The analysis presented in the table that we have betrays an assumption based on equity financing. Has any analysis been conducted based on debt financing? We understand that that there can be up to 70 per cent. debt financing, especially for smaller companies.
On ensuring that the right debts are attributed to the right income so that the Treasury gets its share, the briefing that we have all received from the industry suggests that the Oil Taxation Office already has sufficient powers to audit allowable charges and various methods to protect against excessive debt, which are outlined in the OTO ring-fence corporation tax manual. Consequently, the industry does not believe that there is any reason to disallow this measure.
A point was made earlier about Kerr McGee, which has also written to me, and I have dealt with the company before. The argument seems to be that, because of the specific measure that we seek to delete under the amendment, the United States authorities do not recognise this tax as being allowable for double taxation relief. Although the Economic Secretary will approach the Americans, I am sure that the United States will not necessarily change its tax regime, so it might be more sensible to try to accommodate financing costs in handling and assessing this tax. I understand that France may similarly treat the tax as not being allowable for double taxation relief because of the financing charges.
I should like the Economic Secretary to address those points, especially the concern that we all feel about the need for far greater openness and clarity so that the Treasury's analysis is put in the public domain to reassure our constituents, because we are concerned about their jobs and future investment.
I do not think that, in response to some of these debates, I could have been more open and transparent than I have been this evening. I should like to concentrate on the amendments on financing costs, which we have not had an opportunity to discuss so far tonight, rather than to reopen previous debates, which I covered in substantial detail earlier this evening. However, perhaps I should start by answering the point about pipelines made by Mr. Salmond, who speaks for the Scottish National party.
I freely admit that different pipelines have different tax treatments. That is due to changes made by the previous Conservative Government. I admit that the FLAGS pipeline is taxed at a higher rate, but full tax relief is available on the cost of its construction—also at a higher rate. The comparisons are not simple; these are complicated reforms.
I do not want to reopen previous debates; I have clearly made the case for the changes before us tonight. I should like to turn to the amendment on financing costs and consider whether such costs should be taken into account in calculating the profits base for the supplementary charge. If we were to take account of those costs, it would allow companies to manipulate their borrowing to minimise the effect of the charge. [Interruption.] There is some scepticism among those on the Liberal Democrat Front Bench, but I put it to Sir Robert Smith and other hon. Members that oil companies have access to sophisticated tax planning advice.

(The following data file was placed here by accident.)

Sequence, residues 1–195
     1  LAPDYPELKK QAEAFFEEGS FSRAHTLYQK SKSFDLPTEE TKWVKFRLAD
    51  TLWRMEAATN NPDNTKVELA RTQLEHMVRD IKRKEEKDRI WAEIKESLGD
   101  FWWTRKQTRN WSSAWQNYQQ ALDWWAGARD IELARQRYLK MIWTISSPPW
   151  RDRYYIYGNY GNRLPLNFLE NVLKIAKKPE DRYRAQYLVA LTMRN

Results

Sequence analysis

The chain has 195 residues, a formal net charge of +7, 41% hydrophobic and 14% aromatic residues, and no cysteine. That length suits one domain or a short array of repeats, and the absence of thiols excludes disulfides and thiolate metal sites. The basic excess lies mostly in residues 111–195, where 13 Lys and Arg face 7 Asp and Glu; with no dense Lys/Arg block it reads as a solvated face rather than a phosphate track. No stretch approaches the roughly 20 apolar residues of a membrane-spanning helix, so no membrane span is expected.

One need not be a tax planner to realise that financing costs have to be disallowed if the supplementary charge is to work effectively; otherwise it would clearly be in companies' interests to arrange their affairs so that all their North sea activities were funded by borrowing, for which they could claim relief against a 40 per cent. tax rate, while their other activities—taxed at 30 per cent.—were funded by capital. I shall expand on those comments as I progress.
If we allowed financing costs to reduce the profits subject to the supplementary charge we would have to increase the rate of the charge to ensure that the nation received a fair share of the economic rent derived from the North sea. I cannot say what that increased rate might be; it would depend on how far individual companies were able or chose to arrange their affairs to reduce the impact of a 10 per cent. rate. Clearly, however, raising the rate would penalise those companies without the scope to manipulate their borrowings. A complete disallowance of financing costs for the supplementary charge is much fairer.
I understand the points made by Malcolm Bruce, my hon. Friend Mr. Blizzard and the hon. Member for Banff and Buchan that debt relief for financing costs might be more of a burden for some smaller companies. An effective measure is needed, however, to prevent erosion of the tax base. It would not be feasible for us to try to differentiate one type of company from another. We are trying to simplify the oil taxation regime.
I shall continue my argument for a moment.
Companies will still be able to offset 75 per cent. of their North sea borrowing against tax, and with the 100 per cent. tax relief for capital expenditure, the package should still encourage investment by small and large companies.
Some people who are concerned about this issue have suggested alternatives. One is to try to apportion all the financing costs of a group between North sea and non-North sea activities rather than deny costs altogether. There would not be a case, however, to apportion those costs purely for the supplementary charge and not for corporation tax generally. It has not been suggested to me or my colleagues that companies would want such a rule to apportion financing costs.
One aspect that I raised was that, in order for the supplementary charge, should it go ahead, to count for double taxation relief, it would be necessary to allow financing costs. It would be a disaster if it were not allowable, particularly for United States companies. As a practical matter, therefore, the Government may be forced to use a regime that permits financing costs to be deductible in some way.